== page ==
Posted by: Sandy Steinman | January 14, 2020

Drones in the Wildlife Protection Areas – Updated

Through further research I learned that Heron’s Head is a Port of San Francisco Recreation Area and managed by San Francisco Parks and Recreation. Both the Port and SF Parks and Recreation have bans on drones and were informed of the violations of drone policy.

To see original article click read more

Yesterday I was at Heron’s Head Park and found there was a group flying drones. Although I know the park policy does not ban the flying of drones I believe it is a serious mistake that should be corrected. Heron’s Head is a wildlife conservation area and there are a number of ways flying drones endangers the birds in the area. I have quoted an article in “The Spruce” on the impacts of drones on birds by Melissa Mayntz. that describes the possible problems.

I want to encourage people to request the park policy on drones and consider banning them in wildlife sensitive area.

Here is the contact information for the Parks Department and Parks Commission and an article on how drones can hurt birds.

Recreation and Park Commissioners can be contacted through the Commission Secretary’s Office.

Mail should be sent to:
San Francisco Recreation and Park Commission
501 Stanyan Street  San Francisco, CA 94117
Telephone: 415-831-2750 FAX: 415-221-8034

To contact Recreation and Park Department

  • San Francisco Recreation & Parks Department
    McLaren Lodge-Golden Gate Park
    501 Stanyan St.  San Francisco, CA 94117
    (415) 831-2700


How Drones Can Hurt Birds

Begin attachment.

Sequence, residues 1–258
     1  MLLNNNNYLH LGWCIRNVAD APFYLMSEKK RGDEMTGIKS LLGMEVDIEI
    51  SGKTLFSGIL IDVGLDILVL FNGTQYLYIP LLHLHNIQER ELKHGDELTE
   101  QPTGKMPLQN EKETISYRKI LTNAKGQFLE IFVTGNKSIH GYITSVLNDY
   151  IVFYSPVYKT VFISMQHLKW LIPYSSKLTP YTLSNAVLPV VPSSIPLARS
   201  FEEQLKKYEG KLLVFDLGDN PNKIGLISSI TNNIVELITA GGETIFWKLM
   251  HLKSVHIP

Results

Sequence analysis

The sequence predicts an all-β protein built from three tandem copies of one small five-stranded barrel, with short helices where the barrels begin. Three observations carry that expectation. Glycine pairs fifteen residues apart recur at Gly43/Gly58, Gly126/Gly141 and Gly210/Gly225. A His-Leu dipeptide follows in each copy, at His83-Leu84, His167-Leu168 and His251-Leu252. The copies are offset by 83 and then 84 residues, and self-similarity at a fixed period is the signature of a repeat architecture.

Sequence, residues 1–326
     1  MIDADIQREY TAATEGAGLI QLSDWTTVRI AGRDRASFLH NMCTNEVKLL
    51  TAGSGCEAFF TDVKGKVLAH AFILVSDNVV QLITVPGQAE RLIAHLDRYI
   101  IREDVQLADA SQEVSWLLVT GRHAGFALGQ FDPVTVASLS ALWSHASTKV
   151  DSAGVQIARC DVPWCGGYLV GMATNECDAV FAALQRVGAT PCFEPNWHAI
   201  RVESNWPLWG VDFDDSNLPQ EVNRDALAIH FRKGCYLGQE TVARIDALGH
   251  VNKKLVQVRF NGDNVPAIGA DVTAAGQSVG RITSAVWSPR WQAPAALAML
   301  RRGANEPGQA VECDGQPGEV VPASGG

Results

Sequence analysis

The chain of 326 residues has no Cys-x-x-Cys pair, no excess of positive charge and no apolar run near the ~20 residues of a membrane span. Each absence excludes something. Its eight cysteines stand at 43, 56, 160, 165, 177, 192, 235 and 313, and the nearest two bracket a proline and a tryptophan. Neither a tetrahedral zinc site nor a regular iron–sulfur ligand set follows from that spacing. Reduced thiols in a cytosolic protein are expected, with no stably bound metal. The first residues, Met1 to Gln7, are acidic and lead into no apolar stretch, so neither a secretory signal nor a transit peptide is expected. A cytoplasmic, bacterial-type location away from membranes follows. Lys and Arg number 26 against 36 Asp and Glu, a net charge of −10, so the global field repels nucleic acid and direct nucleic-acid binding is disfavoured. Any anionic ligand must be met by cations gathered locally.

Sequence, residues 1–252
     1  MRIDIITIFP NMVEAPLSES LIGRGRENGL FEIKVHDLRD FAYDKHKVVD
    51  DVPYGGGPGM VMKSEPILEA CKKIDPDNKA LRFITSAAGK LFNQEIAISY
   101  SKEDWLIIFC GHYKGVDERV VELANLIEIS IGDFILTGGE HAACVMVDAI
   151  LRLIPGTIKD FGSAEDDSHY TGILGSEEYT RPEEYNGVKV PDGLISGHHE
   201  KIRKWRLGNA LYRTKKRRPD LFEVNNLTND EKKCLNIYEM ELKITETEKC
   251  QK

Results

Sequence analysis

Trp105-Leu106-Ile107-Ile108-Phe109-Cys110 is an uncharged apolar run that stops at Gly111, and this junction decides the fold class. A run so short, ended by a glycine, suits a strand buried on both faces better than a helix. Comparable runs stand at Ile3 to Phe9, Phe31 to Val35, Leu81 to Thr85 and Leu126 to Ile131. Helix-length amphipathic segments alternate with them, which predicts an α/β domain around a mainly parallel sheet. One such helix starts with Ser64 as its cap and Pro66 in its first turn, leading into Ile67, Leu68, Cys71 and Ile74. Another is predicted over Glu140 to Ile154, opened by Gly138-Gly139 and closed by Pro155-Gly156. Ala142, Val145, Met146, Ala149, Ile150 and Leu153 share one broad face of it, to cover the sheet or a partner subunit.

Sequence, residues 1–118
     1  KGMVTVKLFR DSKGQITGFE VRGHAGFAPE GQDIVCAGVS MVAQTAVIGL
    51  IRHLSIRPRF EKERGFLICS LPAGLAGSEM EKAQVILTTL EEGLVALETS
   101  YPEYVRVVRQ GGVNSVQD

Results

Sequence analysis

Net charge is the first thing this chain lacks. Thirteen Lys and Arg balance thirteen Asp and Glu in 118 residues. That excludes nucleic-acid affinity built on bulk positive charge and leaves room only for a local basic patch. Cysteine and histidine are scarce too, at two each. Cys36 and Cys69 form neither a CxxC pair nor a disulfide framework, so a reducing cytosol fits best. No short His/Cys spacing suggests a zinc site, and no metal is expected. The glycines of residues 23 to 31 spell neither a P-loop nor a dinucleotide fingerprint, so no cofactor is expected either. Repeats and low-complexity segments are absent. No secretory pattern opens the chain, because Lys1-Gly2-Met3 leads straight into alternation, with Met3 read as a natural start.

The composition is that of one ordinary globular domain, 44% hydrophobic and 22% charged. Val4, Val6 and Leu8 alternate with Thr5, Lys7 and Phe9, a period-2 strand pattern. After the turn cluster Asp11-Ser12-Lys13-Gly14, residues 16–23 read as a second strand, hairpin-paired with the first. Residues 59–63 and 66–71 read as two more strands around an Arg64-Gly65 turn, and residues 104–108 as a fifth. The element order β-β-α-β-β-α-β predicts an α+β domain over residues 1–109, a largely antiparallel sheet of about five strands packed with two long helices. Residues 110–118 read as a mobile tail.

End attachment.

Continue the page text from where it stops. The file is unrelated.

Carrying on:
Disrupting Nests: When drones are flown too close to rookeries or bird nests, the noise and unfamiliar presence of a drone could drive adult birds away. This can lead to neglect or abandonment of vulnerable eggs and chicks, reducing the breeding success of sensitive bird populations.

  • Provoking Attacks: Some birds, particularly raptors, are very territorial about their nesting areas, and if drones are perceived to be a threat, the birds may attack the remote vehicles. This diverts the parent birds from caring for their hatchlings, foragingor otherwise tending to their own survival needs. Birds that attack drones could also be injured by moving blades or other parts of the equipment.
  • Scattering Leks: Birds that congregate on leks(area where birds gather during the breeding season) for courtship displayscan be particularly sensitive to disturbances, and if a drone appears to be a flying predator, the birds may scatter prematurely. This can drastically impact their ability to find suitable mates, and if the lek is not revisited, it may take generations for birds to find and begin using another suitable site with the same success.
  • Interrupting Feeding:If a drone disturbs a foraging bird, the bird may abandon a good food source and be forced to seek less abundant or nutritious resources. This type of disruption can have a catastrophic impact on overall bird populations, as malnourished birds do not breed as successfully or raise as many healthy chicks.
  • Midair Collisions:It is possible that a drone could inadvertently fly into a flock of birds or otherwise collide with birds, causing severe injuries. While there have not yet been any reported instances of accidental midair collisions — birds colliding with drones as they attack are a different type of impact — as drone use rises, this risk also increases.

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